Jennings, the parish seat of Jefferson Davis Parish, is a city that boomed when oil was discovered nearby in 1901 but that now has a diverse economic base. First settled in 1884 by S.L. Cary, an immigration agent for the Southern Pacific Railway, the town was named for Jennings McComb, the railway engineer in charge of building the lines in southwestern Louisiana. (McComb's last name had already been given to a town in Mississippi.) Many farmers moved to Jennings from the Midwest, and the town was chartered in 1888. Because the 1901 oil well was the first in the state, Jennings is known as the "Cradle of Louisiana Oil."

In 1912, when Imperial Calcasieu Parish was divided, creating Jeff Davis Parish, Jennings was made the seat of government. Today, the parish has a population of about 33,000. In addition to ancestors of the original settlers, the parish includes many Cajuns and African Americans as well as members of the Coushatta (Koasati) Indian tribe. Other towns in the parish include Lake Arthur, Welsh, Elton, and Fenton. For more information, go to The Jeff Davis Parish web site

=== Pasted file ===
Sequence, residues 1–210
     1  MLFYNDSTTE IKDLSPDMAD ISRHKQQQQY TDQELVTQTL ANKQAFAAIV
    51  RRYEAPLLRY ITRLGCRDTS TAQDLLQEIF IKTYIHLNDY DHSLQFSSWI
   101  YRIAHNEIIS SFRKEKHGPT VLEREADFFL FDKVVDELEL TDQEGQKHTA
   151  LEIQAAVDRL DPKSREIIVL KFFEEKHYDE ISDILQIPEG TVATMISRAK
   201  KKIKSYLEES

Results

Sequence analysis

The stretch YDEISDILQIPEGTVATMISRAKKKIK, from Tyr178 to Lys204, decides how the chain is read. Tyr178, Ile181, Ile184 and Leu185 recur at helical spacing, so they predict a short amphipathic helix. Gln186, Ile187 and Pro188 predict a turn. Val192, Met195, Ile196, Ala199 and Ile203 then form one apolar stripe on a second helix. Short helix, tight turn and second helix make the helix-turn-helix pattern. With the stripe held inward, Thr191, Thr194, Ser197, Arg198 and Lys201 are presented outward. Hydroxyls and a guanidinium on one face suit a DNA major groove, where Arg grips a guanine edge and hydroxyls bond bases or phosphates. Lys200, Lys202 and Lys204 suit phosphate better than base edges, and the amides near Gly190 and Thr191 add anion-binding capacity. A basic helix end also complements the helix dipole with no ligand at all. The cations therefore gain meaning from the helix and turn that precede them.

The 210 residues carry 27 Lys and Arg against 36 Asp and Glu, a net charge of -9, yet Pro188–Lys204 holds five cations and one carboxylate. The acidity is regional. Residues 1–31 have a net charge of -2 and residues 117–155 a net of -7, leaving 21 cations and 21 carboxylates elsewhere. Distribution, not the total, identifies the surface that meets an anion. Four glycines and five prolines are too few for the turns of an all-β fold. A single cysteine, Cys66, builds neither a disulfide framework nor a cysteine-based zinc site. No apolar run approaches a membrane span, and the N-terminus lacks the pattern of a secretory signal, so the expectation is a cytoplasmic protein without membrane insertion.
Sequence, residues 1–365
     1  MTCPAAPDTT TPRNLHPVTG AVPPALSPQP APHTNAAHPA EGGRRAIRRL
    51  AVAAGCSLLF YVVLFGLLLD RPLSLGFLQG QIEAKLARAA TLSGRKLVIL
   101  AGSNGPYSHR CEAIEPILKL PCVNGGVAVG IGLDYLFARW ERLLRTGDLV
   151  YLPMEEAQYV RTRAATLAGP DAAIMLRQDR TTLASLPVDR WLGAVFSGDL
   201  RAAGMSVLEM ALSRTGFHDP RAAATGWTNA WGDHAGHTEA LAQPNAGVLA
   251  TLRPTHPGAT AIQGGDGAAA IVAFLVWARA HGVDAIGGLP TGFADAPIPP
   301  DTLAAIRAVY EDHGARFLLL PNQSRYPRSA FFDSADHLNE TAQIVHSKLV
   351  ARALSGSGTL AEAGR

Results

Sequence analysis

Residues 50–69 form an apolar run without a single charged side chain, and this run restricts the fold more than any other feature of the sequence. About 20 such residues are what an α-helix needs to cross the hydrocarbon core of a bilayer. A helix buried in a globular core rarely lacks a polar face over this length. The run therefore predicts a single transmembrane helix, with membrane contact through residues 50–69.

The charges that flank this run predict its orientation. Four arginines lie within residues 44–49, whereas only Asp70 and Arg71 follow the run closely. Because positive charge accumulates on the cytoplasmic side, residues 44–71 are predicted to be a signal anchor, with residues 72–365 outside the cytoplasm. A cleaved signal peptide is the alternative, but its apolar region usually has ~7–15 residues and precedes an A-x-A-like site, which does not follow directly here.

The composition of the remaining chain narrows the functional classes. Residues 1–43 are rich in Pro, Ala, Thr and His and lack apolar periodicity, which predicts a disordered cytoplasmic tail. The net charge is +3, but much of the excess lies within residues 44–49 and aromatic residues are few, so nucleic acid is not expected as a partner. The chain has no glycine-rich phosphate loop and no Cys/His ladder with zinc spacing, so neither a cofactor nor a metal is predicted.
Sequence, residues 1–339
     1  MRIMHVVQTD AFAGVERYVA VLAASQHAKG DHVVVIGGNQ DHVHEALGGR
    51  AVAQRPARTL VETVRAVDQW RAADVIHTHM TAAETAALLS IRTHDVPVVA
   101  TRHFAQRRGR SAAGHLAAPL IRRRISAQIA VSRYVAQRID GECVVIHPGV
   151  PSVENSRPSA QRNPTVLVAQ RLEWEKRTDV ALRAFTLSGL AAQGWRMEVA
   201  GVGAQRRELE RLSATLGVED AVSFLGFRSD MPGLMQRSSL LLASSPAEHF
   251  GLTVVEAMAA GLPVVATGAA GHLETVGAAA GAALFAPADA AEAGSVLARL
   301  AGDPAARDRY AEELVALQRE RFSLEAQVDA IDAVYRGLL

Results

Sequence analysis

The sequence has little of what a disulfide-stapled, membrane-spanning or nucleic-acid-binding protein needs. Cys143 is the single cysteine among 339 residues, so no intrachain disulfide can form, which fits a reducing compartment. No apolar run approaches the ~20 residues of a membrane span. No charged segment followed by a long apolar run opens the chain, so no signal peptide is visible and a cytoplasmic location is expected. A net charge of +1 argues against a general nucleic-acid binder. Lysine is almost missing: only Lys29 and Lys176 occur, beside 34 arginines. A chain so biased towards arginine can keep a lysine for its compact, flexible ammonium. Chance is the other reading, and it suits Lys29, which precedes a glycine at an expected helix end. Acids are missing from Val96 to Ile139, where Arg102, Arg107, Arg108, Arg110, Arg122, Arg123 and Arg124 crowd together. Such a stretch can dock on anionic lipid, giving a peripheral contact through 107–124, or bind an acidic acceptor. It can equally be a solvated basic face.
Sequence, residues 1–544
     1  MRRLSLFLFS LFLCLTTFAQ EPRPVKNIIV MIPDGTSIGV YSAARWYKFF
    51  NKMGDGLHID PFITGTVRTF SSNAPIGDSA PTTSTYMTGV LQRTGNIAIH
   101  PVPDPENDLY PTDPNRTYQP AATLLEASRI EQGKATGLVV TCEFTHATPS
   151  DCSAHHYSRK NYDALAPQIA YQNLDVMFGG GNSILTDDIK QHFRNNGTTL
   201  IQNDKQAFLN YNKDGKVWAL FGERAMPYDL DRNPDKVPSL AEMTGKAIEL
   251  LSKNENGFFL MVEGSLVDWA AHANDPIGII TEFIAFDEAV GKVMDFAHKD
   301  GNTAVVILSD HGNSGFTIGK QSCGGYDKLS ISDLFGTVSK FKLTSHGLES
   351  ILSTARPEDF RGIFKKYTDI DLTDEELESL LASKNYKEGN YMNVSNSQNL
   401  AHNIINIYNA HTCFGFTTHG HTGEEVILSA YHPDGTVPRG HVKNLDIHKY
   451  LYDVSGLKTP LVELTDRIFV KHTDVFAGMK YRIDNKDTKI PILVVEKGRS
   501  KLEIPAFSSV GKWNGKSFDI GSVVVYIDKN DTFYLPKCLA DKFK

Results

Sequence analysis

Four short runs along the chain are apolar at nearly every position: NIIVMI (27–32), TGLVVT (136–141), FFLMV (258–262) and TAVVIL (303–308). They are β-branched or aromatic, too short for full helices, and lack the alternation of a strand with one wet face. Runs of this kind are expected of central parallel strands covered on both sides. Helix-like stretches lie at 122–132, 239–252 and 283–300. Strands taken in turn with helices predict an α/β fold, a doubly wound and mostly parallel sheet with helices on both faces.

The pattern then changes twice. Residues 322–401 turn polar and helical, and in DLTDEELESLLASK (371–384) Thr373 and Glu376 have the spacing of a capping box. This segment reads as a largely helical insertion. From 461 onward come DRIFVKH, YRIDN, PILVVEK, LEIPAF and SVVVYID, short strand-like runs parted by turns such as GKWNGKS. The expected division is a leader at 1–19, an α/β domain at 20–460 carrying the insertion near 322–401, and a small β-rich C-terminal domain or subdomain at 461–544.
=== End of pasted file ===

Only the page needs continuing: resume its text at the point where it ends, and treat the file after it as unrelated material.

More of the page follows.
Tourist Information

General Information. Jennings and Jeff Davis Parish have much to offer tourists who either decide to zip off Interstate 10 for a short visit or want to travel through the area at a more leisurely pace. For more information, contact the Jeff Davis Parish Tourist Information Center; phone (337) 821-5521, or 1-800-264-5521.  The tourism information on the Jeff Davis web site includes a calendar of events.